Travelling Sprinkler by Nicholson Baker
|Travelling Sprinkler by Nicholson Baker
|Category: General Fiction
|Reviewer: John Lloyd
|Summary: A light-hearted read that can appear an oddball plod to some I am sure, but this tale of a mannered man and his, er, dance music, is yet another stepping-stone through the life's work of this unique author.
|Date: June 2014
|Publisher: Serpent's Tail
Meet Nicholson Baker. Now, I know I normally introduce a book with such a phrase, and every time before now I've used the name of the main character. But I feel such is the nature of Baker's books that he is the greatest character therein, and the one most important for the potential reader to understand, however close he may or may not be to his fictional creations. Baker is a very stylised author, intricately bound up in providing amusing evidence of the value of all the small things in our world. If anybody can rustle up thousands of words about those baby nubbins that are left when you split a sheet of paper across a ready-made perforation – you know the tiny scads that are left dangling outwards – it's Baker. His early books practically were a day spent in real-time, and by rights you'd think this book should not exist – surely he's covered the world already. But no – here is love, poetry, drone warfare, Debussy, and a view of dance music production as seen from the prospect of a 55-year old American male.
At which point I ought to say, 'Meet Paul Chowder'. He is the main character here, and were it not for the eminent research into creating dance music on Logic software that someone has had to have done, you might think he was a very different beast to Mr Baker. He's a mediocre poet, who decides that – just as he moved on from being a bassoon player a long time ago – poetry isn't working for him, and he should write songs, get some beats down, woo his ex away from her TV-personality boyfriend – everything a midlife crisis should perhaps entail. He's given us in a very weird first person – Chowder waffling into a Dictaphone of some kind for some unknown reason, introducing passages that are hard to connect as regards the passing of time or the days of the week, in a Lake Wobegone-wrong way. Hey there, people, and welcome. This is the Poetry Pebble Tumble, and I'm your host, Paul. Tonight we convene by the light of a small, very round moon that has things to tell us, with a star near it like a pasted-on beauty mark.
What with that voice addressing us – presumably an unforeseen 'us' as Chowder isn't sure what his verbiage will lead to, himself – and all the weird things that are in this book, from Quaker meetings to random accidents to his way-left-of-Obama politics, the cynic could well see too much extraneous clacking, to quote. But that's what one comes to Baker for, the minutiae given us with narrative merit and no end of whimsy. I say 'narrative merit' declaring full well that the storyline is always going to be a little weak, whatever book of his you pick up, but somehow he shoe-horns any and all kind of life's common details into his stories. You do have to bear in mind when approaching this book that for him the plot is secondary. Baker himself, and here too his creation, is the kind of man to worry whether one should smoke a Bone Crusher cigar before or after a Skull Breaker one.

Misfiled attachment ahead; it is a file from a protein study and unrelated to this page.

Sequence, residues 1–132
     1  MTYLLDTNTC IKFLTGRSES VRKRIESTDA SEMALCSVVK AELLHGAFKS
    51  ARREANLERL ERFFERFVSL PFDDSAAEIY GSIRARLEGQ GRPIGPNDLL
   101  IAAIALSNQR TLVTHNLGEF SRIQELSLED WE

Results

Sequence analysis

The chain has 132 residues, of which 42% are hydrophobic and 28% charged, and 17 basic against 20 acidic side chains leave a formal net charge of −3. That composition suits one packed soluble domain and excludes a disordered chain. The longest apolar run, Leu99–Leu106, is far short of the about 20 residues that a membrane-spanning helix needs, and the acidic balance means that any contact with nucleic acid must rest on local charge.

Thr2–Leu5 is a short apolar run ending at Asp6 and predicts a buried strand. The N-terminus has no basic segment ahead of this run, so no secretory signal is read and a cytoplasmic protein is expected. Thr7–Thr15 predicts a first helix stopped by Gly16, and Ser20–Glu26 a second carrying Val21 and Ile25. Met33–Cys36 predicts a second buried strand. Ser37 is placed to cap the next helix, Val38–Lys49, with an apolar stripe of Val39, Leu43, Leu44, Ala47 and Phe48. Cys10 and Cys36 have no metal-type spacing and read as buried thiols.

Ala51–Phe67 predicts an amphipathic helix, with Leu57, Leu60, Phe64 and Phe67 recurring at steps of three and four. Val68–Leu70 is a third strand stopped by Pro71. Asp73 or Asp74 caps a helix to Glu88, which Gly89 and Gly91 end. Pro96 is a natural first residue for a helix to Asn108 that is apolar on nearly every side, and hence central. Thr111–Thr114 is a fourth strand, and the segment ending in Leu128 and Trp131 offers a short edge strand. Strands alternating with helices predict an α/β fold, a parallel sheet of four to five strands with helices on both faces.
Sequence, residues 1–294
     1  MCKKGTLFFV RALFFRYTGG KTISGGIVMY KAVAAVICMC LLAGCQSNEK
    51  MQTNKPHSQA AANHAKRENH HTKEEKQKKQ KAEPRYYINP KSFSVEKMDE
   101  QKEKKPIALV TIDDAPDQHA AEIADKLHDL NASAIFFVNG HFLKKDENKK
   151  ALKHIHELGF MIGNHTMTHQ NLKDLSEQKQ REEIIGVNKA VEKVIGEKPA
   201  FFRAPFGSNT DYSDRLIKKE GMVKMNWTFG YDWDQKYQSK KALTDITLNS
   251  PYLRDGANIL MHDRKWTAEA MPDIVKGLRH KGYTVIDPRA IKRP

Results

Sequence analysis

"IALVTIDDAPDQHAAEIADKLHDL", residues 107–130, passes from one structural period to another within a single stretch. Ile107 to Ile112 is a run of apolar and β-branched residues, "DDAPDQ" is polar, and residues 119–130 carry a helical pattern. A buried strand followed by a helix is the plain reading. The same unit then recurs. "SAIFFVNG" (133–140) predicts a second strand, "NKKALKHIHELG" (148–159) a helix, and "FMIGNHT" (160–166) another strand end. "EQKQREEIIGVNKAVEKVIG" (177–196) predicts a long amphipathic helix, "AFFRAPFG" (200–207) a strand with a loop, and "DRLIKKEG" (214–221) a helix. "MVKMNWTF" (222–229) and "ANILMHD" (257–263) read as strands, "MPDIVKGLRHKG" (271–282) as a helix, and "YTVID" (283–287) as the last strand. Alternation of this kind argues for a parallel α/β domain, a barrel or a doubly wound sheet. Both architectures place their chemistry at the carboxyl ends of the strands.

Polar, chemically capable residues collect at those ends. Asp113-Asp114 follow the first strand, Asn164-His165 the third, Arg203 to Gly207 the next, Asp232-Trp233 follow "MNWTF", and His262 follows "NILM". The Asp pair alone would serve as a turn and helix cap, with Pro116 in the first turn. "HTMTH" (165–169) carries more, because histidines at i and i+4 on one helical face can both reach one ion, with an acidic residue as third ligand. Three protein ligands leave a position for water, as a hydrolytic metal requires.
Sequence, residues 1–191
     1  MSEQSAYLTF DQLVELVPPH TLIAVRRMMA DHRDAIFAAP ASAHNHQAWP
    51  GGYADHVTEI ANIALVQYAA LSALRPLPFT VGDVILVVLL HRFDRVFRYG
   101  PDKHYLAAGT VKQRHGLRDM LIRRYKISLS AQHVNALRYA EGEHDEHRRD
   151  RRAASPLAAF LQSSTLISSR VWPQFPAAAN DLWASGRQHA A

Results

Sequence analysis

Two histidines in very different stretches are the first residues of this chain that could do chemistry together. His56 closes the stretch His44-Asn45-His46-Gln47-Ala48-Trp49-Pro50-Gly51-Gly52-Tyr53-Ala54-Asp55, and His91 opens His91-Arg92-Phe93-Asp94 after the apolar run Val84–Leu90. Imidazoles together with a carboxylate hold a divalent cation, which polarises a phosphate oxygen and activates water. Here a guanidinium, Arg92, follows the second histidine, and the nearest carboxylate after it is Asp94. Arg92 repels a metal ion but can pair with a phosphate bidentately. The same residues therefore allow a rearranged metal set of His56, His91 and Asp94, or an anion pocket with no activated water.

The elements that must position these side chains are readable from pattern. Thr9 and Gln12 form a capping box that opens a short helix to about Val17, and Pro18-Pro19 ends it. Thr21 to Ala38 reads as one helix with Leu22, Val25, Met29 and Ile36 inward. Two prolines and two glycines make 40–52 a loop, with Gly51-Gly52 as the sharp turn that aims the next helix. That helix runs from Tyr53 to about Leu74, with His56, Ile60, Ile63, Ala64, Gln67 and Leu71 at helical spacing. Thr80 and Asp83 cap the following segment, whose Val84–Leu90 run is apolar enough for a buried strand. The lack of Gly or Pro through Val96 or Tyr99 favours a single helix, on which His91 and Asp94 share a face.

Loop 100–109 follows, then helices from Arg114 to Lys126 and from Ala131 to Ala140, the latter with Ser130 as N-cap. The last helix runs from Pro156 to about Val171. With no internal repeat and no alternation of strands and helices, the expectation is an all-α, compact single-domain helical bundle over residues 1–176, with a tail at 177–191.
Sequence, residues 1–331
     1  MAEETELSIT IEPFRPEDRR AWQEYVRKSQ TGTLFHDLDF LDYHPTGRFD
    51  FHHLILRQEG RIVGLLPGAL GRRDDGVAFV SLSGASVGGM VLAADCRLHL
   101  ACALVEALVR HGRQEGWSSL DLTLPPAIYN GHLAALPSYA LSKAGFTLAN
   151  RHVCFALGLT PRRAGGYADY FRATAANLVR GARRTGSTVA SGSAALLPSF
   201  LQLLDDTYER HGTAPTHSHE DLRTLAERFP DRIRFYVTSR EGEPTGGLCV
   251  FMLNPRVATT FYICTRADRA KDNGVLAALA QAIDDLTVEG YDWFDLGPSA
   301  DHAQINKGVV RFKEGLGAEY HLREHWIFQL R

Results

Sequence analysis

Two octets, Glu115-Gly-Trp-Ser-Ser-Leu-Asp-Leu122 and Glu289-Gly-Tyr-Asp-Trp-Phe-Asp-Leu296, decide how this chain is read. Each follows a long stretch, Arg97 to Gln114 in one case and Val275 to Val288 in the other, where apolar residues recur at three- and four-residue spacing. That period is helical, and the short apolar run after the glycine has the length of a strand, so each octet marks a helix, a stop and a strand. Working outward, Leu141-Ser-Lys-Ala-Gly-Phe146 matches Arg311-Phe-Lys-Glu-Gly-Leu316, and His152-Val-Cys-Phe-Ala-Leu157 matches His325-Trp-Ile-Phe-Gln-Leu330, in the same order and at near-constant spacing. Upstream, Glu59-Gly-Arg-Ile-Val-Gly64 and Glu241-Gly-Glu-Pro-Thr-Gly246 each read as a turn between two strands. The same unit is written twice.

With Baker nearing the greyness of the age – it's been a long time since his early books received so much cultdom – it's great to see him still writing, although here, having not read several of his most recent volumes, I found a much looser, perhaps more leisured style. Gone is the defining of a day, or the chapter regarding the lighting of a match. The structure of the book is part of my evidence – the way the events are randomly given us – in chronological order, yes, but as I say with no clear passing of time, no authorial foreshadowing, and with not exactly a drive towards the conclusion to it all that we get as such as a random snail's trail. To revert to playing devil's advocate again, it may seem that all this book concerns itself with is Baker's research and/or knowledge, and a could-be-better look at Chowder's hubristic tendencies, and not much else.
Like I suggest, Baker has had more impactful books in the past – particularly with The Fermata which comes across to some as the thinking misogynists' Fifty Shades, and with the reaction some gave to one of his non-fiction books that equally surprise us in clues as to what Baker has been thinking about. But, knowing that, I was on the point of declaring this book, as woolly as it might be, as lax in focus, as whatever, as perhaps the ideal book for a Baker beginner to try, until I learnt it was indeed the continuation of his last-but-one, The Anthologist. I see both are coming out in a compendium late 2014, perhaps only in the US. Given such a distinctive, utterly clever and wise man as Baker, that seems somewhat of a surprise – too low-down in his mindset and too commercial an exercise. Baker – a writer of sequels?! But perhaps that's a sign that I've been away from reading him for too long, for he can always manage to surprise us, if nothing else.
I must thank the publishers for my review copy.
The latest person to take Baker-esque ideas and run with them on a more experimental form is possibly Padgett Powell with book such as You and I.
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You can read more book reviews or buy Travelling Sprinkler by Nicholson Baker at Amazon.com.
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